Monday, 27 July 2015

Film Review: The True Cost

Earlier in the week, I tweeted that I'd managed to buy a maxi dress at a high street 'fast fashion' store for £1. Yes, ONE singular pound. While part of me congratulated myself on scoring a great bargain, another part of me thought, that's barely worth the piece of cardboard the price tag's printed on. HOW is it possible that I'm able to buy this for a pound?!?

On Saturday, I saw "The True Cost" at the National Museum as part of Edinburgh Fashion Festival and was blown away by how little I knew and how little I'd thought about where my clothing comes from. I've always been aware of the social/ethical aspect of clothing with regard to sweatshops and cheap labour but I really had limited knowledge about the environmental impact.

I was aware that we throw away a lot of textiles from conversations with my friend Yaz, who has started up Awkward Chat in Australia and is all about up-cycling and getting people to initiate conversations and start thinking about where their clothing comes from, the people who have made it and where it ends up when we're done with things. But I was still surprised to see it in visual terms. The sheer amount of textiles that are sitting in landfills... slowly releasing toxic chemicals into the air over the 200 years it takes to break down and 'biodegrade'.

The most surprisingly thing for me was the cotton farms and growers. This is a part of the manufacturing process I think very few people think about. Where the fibres actually come from that make our clothing. Many of us are all very aware of buying organic fruit and veg and locally sourced meat etc. and we feel these things are important because we're physically putting these things into our bodies. But how have none of us thought about the origins of the things we put ON our bodies? I'm sure most of us have seen 'Organic Cotton' tags on clothes in certain shops, but like me, you've probably never stopped to think about what that actually means.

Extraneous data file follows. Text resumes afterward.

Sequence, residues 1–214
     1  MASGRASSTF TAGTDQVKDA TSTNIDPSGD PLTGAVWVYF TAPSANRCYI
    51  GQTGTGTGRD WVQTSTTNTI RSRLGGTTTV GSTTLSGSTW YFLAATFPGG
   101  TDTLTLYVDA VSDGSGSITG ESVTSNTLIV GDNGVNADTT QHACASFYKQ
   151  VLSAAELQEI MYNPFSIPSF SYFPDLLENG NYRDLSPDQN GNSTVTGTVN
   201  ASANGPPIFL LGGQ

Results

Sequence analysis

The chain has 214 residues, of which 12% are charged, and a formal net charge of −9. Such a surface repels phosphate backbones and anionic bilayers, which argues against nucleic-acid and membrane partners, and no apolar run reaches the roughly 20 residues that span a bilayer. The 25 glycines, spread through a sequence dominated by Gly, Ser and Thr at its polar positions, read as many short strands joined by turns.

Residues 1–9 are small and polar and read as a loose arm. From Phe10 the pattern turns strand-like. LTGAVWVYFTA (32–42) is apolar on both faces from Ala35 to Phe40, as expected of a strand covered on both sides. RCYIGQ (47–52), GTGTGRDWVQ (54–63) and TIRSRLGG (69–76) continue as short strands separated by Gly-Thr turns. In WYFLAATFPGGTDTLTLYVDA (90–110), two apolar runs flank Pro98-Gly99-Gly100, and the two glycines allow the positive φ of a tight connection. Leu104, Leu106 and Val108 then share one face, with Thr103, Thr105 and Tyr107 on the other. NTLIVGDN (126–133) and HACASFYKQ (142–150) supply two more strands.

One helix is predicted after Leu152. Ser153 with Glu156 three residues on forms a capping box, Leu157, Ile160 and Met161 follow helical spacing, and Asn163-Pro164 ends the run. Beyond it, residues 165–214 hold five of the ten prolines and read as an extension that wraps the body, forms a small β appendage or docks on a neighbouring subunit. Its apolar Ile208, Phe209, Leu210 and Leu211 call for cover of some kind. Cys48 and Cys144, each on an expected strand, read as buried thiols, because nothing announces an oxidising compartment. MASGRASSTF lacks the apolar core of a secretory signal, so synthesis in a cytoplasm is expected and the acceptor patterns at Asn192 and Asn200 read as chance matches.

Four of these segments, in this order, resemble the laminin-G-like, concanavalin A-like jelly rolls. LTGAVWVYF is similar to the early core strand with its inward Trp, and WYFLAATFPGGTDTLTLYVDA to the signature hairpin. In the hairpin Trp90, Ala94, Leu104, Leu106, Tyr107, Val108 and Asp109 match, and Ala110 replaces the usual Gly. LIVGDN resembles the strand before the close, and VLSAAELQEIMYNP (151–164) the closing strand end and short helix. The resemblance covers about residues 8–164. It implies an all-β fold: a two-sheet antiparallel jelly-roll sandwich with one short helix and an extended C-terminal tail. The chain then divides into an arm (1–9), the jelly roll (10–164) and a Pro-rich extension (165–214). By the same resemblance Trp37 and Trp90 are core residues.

I never realised that cotton farms are blanket sprayed with pesticides from airplanes in many parts of Texas (and one has to assume it's the same the world over). Which may not mean a lot but when you think of all those chemicals being absorbed by the soil which grows food and leeching into the water supply, it starts to get a bit scary. That so many people are getting sick in those areas cannot be unrelated.

Another shocking thing for me was the statistic about the suicide rate of cotton farmers in India. It's absolutely staggering that no one knows this is going on. The health issues of people who live close to the tanneries in India where there is just no regulation about the chemicals which are dumped into the water is heart-breaking.